By Joe Smillie
Peninsula Daily News
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When it reopens, however, is anybody's guess now that key staff members have announced their resignations.
“I don't know. I don't know what they're going to want to do about it,” said Priscilla Hudson, vice president of the MAC's board of trustees and a long-time volunteer.
Several staff members, including Steph Ellyas, manager of the exhibit center, and Lyn Fiveash, coordinator of the museum's history exhibits, told museum officials they are leaving their posts as of Monday, March 31.
The move leaves the museum without staff to open the exhibit center's doors unless something changes before Tuesday.
Six descendents of Dungeness Valley pioneer families were added as trustees in a contentious meeting March 20.
“We're a tight-knit organization,” Executive Director DJ Bassett said. “They felt they weren't going to be able to work with the new board members.”
The trustees have called a special meeting for Saturday morning to discuss possible solutions.
“We'll see what the new board plans to do,” Bassett said.
New trustee Jerry Brownfield was disappointed when he heard the exhibit center's staff was leaving.
“I don't know why this is so volatile,” Brownfield said. “Because I think we all want the same thing: for the museum to prosper.”
The new trustees, elected to the board after calling for an immediate vote on their membership applications, joined, he said, to try and stem the museum's mounting annual losses.
In 2012, the museum took in $165,624 in revenue and spent $247,117, a loss of $81,493, after losing a combined $179,609 the previous three years.
“We just want to come in and see why and correct this problem,” Brownfield, a retired contractor, said. “We've got a lot of good business heads in this group.”
The MAC was shy of its bylaw-minimum nine trustees before the March 20 meeting, when four trustees who were added through an email vote of existing trustees joined the board.
The MAC has had 22 trustees leave the board since 2011.
But Hudson said she and other members of the museum's trustees and employees have received anonymous “hate messages,” including midnight phone calls, since September.
“I don't know what they want besides taking over the MAC,” Hudson told the City Council Monday. “And because I'm not a pioneer, I don't count.”
Brownfield said none of those messages came from the new trustees.
“I can guarantee you, that's not anyone on this group,” Brownfield said.
Brownfield said the new trustees wanted to be on the board in order to get more insight into the MAC's financial standing.
“I have tried to be open about finances, our infrastructure problems, our maintenance needs, etcetera,” Hudson said.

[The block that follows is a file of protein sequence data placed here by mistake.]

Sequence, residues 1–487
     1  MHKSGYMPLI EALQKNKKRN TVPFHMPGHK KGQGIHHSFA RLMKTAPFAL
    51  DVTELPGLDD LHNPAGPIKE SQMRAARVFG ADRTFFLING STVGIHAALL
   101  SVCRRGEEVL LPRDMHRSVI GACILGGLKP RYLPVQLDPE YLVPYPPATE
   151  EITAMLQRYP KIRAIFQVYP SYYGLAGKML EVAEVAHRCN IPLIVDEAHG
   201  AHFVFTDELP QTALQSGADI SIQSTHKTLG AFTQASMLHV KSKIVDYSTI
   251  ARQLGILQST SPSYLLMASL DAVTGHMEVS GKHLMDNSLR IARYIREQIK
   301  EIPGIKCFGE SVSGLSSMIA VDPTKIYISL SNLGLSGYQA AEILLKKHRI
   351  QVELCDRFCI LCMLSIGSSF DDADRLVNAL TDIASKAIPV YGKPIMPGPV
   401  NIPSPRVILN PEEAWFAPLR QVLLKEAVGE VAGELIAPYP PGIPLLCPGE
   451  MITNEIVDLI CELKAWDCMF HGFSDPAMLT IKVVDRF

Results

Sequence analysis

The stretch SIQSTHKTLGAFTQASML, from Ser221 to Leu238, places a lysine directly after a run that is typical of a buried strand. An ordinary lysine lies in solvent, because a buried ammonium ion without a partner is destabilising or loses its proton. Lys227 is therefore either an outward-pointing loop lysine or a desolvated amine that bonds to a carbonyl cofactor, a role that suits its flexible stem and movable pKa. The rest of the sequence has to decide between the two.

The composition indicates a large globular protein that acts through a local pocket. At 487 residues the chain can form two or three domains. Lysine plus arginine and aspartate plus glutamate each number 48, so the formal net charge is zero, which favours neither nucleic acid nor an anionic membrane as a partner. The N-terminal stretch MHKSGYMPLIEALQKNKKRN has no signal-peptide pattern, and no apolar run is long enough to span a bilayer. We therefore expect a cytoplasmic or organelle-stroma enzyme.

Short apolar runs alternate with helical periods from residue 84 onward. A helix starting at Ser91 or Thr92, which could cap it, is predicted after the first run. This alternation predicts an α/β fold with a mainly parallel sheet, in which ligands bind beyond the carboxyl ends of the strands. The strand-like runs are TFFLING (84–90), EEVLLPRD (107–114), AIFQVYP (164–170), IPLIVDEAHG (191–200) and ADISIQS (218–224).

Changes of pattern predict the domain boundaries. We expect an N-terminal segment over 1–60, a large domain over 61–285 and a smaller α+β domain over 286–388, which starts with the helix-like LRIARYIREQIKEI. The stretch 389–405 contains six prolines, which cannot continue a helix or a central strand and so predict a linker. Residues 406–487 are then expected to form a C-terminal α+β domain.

Brownfield said emails and phone calls requesting expense and income information often went unanswered.
“We just never got responses,” he said. “The only way we could get that information was to get on the board. And now we have.”
New trustee Bob Stipe told the Peninsula Daily News earlier this month that the museum should recruit more volunteers to preserve the facility.
But Bassett, who makes an annual salary of $42,000, said the detailed documentation and preservation required to run a museum requires full-time expertise.
He noted other part-time employees of the museum make very little for their duties.
Ellyas was paid $700 a month for managing the exhibit center.
Mike and Kathy Bare are paid $400 a month for managing the Dungeness Schoolhouse.
“About 12 cents an hour,” Bassett said.
Brownfield said the new board members do not plan to get rid of paid staff, but want to have a better gauge on their value to the museum.
“We're not trying to eliminate anybody. We're trying to figure out who's doing what and for how much and if that's right,” he said.
Ask city help
Hudson and Claire Manis Hatler, widow of Emanuel “Manny” Manis who turned up skeletal remains of a mastadon, now the museum's centerpiece, while digging a pond on his property in 1977, pleaded with the City Council on Monday night to step in to help the museum.
“Please help save this museum, as this museum has helped save the history of Sequim,” Manis Hatler said to the council.
Unsure of their role in a private nonprofit with no official affiliation with the city, councilmembers asked City Manager Steve Burkett to see if the city could do anything.
“At least we could look into it and see what our role is, if any, and see what's going on and if there's something we can do,” Councilman Erik Erichsen said.
Sequim-Dungeness Valley Editor Joe Smillie can be reached at 360-681-2390, ext. 5052, or at email@example.com.